Michiel Mulders Michiel loves the Node.js and Go programming languages. A backend/core blockchain developer and avid writer, he's very passionate about blockchain technology.

When to use Rust and when to use Go

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Editor’s note: This article was updated on 1 June 2022 to reflect more up-to-date information about Rust and Go.

Right off the bat, there are clear differences between Go and Rust. Go has a stronger focus on building web APIs and small services that can scale endlessly, especially with the power of Goroutines. The latter is also possible with Rust, but things are much harder from a developer experience point of view.

Rust works well for processing large amounts of data and other CPU-intensive operations, such as executing algorithms. This is Rust’s biggest edge over Go; projects that demand high performance are generally better suited for Rust.

In this tutorial, we’ll compare and contrast Go and Rust, evaluating each programming language for performance, concurrency, memory management, and the overall developer experience. We’ll also present an overview of these elements to help you pick the right language for your project at a glance.

If you’re just starting out with Rust, it might be a good idea to brush up on this beginner’s guide before you read any further.

If you’re all caught up, let’s dive in!



Originally designed by Google’s engineers, Go was introduced to the public in 2009. It was created to offer an alternative to C++ that was easier to learn and code and was optimized to run on multicore CPUs.

Since then, Go has been great for developers who want to take advantage of the concurrency the language offers. The language provides Goroutines that enable you to run functions as subprocesses.

A big advantage of Go is how easily you can use Goroutines. Simply adding the go syntax to a function makes it run as a subprocess. Go’s concurrency model allows you to deploy workloads across multiple CPU cores, making it a very efficient language:

package main

import (

func f(from string) {
    for i := 0; i < 3; i++ {
        fmt.Println(from, ":", i)

func main() {


    go f("goroutine")

Rust was designed from the beginning to be high-performance – in fact, it’s the first answer to “Why Rust?” on the Rust website! The way Rust handles memory management means that it doesn’t need a garbage collector, unlike Go, and the use of references let objects easily get passed around without requiring copies to be made.

Rust vs. Go benchmarks

Individual benchmarks can be game-able and also tricky to interpret. The Benchmarks Game deals with this by allowing multiple programs for each language, and compares how long they take to run as well as memory usage and code complexity to get a better sense for what the tradeoffs are between languages.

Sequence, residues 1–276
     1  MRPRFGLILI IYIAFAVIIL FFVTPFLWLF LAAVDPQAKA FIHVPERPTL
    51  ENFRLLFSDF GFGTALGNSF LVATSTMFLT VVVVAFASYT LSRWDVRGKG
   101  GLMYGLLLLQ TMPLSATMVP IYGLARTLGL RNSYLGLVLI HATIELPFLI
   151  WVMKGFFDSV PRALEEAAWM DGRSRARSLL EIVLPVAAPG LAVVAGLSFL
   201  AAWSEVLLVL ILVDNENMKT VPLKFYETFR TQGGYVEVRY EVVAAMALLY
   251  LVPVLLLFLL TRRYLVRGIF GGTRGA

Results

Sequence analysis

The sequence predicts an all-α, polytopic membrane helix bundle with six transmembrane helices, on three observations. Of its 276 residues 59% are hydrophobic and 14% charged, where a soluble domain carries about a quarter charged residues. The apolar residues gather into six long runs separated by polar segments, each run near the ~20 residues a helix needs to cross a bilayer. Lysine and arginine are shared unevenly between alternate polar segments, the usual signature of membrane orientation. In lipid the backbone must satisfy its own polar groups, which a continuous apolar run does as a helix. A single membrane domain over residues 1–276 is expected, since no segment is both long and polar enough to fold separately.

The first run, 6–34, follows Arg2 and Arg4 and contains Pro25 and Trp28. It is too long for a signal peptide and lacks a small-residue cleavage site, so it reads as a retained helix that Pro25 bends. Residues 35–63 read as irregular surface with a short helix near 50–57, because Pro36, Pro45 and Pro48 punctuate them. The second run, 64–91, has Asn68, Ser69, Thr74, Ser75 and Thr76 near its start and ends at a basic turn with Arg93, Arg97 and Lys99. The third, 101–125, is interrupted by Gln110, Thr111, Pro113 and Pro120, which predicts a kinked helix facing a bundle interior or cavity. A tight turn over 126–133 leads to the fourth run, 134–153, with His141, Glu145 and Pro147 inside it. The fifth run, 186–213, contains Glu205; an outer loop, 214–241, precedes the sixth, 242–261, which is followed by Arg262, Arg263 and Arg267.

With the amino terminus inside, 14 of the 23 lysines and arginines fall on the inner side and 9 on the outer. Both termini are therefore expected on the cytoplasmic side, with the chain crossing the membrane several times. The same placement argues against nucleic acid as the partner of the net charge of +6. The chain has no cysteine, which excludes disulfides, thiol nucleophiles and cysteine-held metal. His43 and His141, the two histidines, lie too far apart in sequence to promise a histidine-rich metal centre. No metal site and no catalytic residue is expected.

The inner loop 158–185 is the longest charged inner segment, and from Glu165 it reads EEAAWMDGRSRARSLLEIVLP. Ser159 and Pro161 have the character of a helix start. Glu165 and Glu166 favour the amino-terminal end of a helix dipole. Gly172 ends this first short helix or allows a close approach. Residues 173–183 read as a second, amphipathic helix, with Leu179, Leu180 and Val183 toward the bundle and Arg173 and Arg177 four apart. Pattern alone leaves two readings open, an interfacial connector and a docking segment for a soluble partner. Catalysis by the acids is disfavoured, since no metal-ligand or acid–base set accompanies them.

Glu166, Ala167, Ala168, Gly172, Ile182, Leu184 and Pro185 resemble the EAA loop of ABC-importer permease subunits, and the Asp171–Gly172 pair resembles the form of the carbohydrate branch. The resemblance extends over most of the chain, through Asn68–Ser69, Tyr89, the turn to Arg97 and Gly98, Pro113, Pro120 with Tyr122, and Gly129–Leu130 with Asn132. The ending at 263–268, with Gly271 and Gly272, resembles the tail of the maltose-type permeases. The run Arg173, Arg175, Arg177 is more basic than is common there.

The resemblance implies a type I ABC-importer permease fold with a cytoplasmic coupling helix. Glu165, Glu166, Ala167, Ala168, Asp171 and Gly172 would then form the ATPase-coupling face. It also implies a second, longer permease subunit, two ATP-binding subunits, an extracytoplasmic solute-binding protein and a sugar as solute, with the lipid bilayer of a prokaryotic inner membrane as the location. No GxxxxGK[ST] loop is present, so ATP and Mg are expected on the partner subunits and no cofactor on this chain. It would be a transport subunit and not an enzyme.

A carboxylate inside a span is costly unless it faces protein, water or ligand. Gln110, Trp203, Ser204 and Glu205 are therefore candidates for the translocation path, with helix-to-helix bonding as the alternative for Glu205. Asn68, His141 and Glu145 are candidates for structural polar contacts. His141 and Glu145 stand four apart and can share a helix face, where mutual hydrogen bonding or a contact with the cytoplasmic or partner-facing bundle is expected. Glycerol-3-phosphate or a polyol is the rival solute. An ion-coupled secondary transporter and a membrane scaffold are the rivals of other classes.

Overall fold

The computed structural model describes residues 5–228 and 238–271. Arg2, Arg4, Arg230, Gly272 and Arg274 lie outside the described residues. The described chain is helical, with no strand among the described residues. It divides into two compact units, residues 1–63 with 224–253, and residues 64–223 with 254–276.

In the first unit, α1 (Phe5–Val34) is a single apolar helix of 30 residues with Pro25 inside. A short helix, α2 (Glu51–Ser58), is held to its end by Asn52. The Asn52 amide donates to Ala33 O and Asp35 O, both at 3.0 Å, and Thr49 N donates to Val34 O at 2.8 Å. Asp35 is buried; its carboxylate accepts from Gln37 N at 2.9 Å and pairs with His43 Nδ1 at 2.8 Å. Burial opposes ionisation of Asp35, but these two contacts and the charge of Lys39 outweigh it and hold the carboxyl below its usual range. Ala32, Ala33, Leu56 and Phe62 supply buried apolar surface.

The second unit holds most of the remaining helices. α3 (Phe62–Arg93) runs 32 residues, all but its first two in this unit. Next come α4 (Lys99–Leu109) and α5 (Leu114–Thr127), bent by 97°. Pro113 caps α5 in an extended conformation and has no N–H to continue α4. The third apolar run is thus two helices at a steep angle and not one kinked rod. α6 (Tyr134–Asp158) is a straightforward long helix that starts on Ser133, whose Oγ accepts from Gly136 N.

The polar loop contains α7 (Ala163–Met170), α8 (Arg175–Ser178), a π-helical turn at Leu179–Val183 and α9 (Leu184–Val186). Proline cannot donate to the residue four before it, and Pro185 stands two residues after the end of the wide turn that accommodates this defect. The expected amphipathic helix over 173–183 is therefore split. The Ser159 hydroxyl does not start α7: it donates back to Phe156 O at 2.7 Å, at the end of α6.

For all of the tested algorithms, the most optimized Rust code was at least 30 percent faster than the most optimized Go code, and in many cases it was significantly more; for the binary-trees benchmark, the most optimized Rust code was 12 times faster than the most optimized Go code! In many cases, even the least optimized Rust code was faster than the most optimized Go code.

Here are a few examples for the most optimized Rust and Go code:

Benchmark game binary trees

benchmark game pidigits

benchmark game madelbot


Both languages are good at scaling up to take advantage of many CPUs to process data in parallel. In Go, you can use a Goroutine to process each piece of data and use a WaitGroup to wait for them all to finish. In Rust, rayon is a very handy crate that makes it easy to iterate over a container in parallel.


As mentioned above, Go supports concurrency. For example, let’s say you’re running a web server that handles API requests. You can use Go’s Goroutines to run each request as a subprocess, maximizing efficiency by offloading tasks to all available CPU cores.

Goroutines are part of Go’s built-in functions, while Rust has only received native async/await syntax to support concurrency. As such, the developer experience edge goes to Go when it comes to concurrency. However, Rust is much better at guaranteeing memory safety.

Here’s an example of simplified threads for Rust:

use std::thread;
use std::time::Duration;

fn main() {
   // 1. create a new thread
   for i in 1..10 {
      thread::spawn(|| {
         println!("thread: number {}!", i);

  println!("hi from the main thread!");

Concurrency has always been a thorny problem for developers. It’s not an easy task to guarantee memory-safe concurrency without compromising the developer experience. However, this extreme security focus led to the creation of provably correct concurrency.

Rust experimented with the concept of ownership to prevent unsolicited access of resources to prevent memory safety bugs. Rust offers four different concurrency paradigms to help you avoid common memory safety pitfalls. We’ll take a closer look at two common paradigms in the following sections: channel and lock.


A channel helps transfer a message from one thread to another. While this concept also exists for Go, Rust allows you to transfer a pointer from one thread to another to avoid racing conditions for resources. Through passing pointers, Rust can enforce thread isolation for channels. Again, Rust displays its obsession with memory safety in regards to its concurrency model.


Data is only accessible when the lock is held. Rust relies on the principle of locking data instead of cod, which is often found in programming languages such as Java.